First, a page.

Dr. Giulia L. Saucier will have none of that. She shows her hand in the front matter, choosing not to title the eleven chapters with a narrative skeleton imposed upon the gifts of the archive that would invite cruel demands on the writer and unfounded expectations on the reader. She leaves the silences be. She knows that what is not spoken about or written of still tells us something. Silences often speak of what a people had to endure, in a voice more clearly than a biased and prejudiced one trying too hard to describe and massage events into place.

History is never easy, not even when it concerns those at the center of attention at the top of a hierarchy. How much more difficult the task when the subject involves those who faced the brunt of history but who received little credit for it. The Sauciers have lived mostly in the margins of history, in the silences between occasional soundings. Ordinary people in extraordinary times do not see much ink spilled in their regard, not even by the detailed French who set about documenting their colonial history, throwing prescience and embarrassment to the wind.

Yet a picture of a family, or of a kind of family that helped put the Gulf Coast side of Mississippi on the map, emerges from this book. It is a picture of a hard scrabble people who endured – and continue to endure – sweltering summers, acidic soils, violent hurricanes, hungry insects, and pestering bureaucrats with a twinkle in their eyes. We meet in this book a people who take care of their kith and kin, who love the soil and the matters of life that grow upon it, and who do not mind very much if history continues to overlook them. They have found a life, a life of their own making, out at the margins of history but in the middle of God's country.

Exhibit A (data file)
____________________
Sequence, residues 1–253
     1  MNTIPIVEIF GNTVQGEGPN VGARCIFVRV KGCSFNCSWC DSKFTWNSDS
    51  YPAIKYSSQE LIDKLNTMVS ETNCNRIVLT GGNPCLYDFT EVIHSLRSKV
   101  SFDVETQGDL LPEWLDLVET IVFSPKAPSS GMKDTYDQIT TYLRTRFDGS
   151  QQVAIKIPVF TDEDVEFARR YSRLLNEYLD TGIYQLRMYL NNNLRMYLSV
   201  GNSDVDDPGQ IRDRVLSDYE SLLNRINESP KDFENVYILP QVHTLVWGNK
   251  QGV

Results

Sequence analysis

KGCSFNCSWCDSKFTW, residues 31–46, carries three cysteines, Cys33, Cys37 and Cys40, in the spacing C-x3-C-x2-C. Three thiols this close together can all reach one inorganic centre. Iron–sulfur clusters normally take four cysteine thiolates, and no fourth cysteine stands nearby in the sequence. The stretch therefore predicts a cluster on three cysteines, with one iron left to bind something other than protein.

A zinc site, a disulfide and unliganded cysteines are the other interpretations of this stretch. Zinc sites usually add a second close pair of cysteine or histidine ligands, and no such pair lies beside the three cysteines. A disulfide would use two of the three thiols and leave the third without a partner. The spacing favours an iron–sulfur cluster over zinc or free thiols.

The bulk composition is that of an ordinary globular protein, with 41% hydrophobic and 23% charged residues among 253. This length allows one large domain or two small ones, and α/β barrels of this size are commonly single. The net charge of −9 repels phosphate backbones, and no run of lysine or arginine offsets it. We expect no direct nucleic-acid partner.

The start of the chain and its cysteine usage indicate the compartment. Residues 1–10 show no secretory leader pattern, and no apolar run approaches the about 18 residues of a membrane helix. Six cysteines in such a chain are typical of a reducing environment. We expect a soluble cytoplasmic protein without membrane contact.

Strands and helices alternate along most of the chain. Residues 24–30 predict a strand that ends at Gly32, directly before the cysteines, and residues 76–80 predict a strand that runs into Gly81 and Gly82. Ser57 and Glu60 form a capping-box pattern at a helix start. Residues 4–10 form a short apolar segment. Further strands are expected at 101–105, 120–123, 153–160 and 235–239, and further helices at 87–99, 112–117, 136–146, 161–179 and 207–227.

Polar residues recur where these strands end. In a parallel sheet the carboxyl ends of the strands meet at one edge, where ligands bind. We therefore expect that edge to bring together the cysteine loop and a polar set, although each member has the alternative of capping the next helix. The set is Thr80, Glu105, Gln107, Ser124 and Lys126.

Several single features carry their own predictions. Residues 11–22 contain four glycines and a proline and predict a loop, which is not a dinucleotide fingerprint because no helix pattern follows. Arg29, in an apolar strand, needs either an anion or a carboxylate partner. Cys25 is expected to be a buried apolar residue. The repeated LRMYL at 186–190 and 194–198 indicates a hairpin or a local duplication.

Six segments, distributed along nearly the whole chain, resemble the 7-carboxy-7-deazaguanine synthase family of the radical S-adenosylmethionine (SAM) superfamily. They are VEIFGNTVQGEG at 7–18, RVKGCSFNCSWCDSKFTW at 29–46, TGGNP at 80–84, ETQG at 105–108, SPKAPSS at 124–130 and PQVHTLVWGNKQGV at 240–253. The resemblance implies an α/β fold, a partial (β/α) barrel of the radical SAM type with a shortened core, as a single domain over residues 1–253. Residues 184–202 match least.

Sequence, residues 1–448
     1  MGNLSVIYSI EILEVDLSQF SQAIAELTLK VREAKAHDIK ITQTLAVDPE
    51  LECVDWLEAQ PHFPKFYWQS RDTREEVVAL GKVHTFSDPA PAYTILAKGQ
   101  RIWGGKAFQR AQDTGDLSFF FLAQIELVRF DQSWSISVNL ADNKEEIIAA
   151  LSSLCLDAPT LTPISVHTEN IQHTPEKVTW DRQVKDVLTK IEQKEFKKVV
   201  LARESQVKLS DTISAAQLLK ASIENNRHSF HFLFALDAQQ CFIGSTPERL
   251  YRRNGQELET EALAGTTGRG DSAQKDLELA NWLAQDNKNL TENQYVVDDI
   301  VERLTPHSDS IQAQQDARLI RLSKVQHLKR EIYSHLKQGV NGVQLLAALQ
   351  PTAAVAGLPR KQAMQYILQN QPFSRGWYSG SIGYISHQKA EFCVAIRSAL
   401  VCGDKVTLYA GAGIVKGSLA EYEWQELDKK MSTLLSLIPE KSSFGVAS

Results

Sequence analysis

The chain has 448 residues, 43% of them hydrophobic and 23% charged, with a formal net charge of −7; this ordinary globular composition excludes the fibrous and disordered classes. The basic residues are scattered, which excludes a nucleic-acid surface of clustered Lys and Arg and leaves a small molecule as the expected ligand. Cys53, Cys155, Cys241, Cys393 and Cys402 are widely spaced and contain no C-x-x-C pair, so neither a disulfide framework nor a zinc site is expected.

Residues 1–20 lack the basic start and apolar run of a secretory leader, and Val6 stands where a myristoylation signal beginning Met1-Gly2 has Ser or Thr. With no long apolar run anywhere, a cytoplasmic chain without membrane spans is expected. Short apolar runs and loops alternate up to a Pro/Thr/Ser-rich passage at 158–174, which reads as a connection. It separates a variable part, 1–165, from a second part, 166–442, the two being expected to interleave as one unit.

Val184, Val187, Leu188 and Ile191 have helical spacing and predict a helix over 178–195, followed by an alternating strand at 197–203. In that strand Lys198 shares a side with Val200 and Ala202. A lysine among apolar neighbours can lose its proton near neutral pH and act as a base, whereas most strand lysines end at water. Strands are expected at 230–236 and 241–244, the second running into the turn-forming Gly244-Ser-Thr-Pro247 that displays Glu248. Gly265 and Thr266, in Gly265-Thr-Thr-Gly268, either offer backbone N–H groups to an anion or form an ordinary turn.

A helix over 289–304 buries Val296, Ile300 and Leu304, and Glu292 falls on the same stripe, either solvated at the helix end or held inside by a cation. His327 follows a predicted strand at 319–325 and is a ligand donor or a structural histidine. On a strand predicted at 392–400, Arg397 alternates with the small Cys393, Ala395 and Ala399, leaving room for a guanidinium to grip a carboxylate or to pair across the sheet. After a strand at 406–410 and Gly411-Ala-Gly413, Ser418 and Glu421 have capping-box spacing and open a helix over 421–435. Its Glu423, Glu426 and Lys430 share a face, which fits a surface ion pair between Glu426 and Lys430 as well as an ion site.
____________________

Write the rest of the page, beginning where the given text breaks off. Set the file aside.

Facts are no guarantor of accurate interpretation. But when the facts – the documented kind preserved in written form, or the scripted kind remembered in oral tellings – are hard to come by, the job of the historian has just been made all the more difficult. Many historians would have thrown in the towel faced with such an insurmountable task. That the author persisted where many would not makes this book of a founding family in Mississippi all the more admirable.

How did she manage such a difficult task? The short answer: Love. This book is a testament to the love this married-in Saucier has for her affines. The work had to be done, done right and gotten out of the way, so that the author could pen a tribute to the source of that enduring love. A Mississippi First Family: The Sauciers from 1603 to 1865 sets the background, the context and worldview, for a legendary Saucier, her husband Gene, for whom history will respect far better than it did his ancestors. Read this book and learn about the family, then pick up A Mississippi Man and read about the man.

Both books, in the interstices of silence, tell a fine story about the woman who wrote them."
-- Jeffrey Charles Kaufmann

July 15, 2015
"A welcome book from a noted historian which details the history of one of the first families to settle Mississippi. As part of the family, we have bits and pieces but Dr. Saucier has produced a well written and interesting, fact based history of our French family roots. Interesting and filled with fascinating stories which will keep the reader engaged. FYI: Saucier is French for sauce maker!"
-- Dr. Karen Saucier Lundy

April 23, 2015
"An accurate historical account of the Gulf Coast culture and history. This book is well written and entertaining. It is one of the best narrative genealogies of a French Colonial family that I have read.The Saucier name has been on the Coast from the beginning but Giulia is a new name among local genealogists. She is a historian with a PhD from USM."
-- Placide N. Nicaise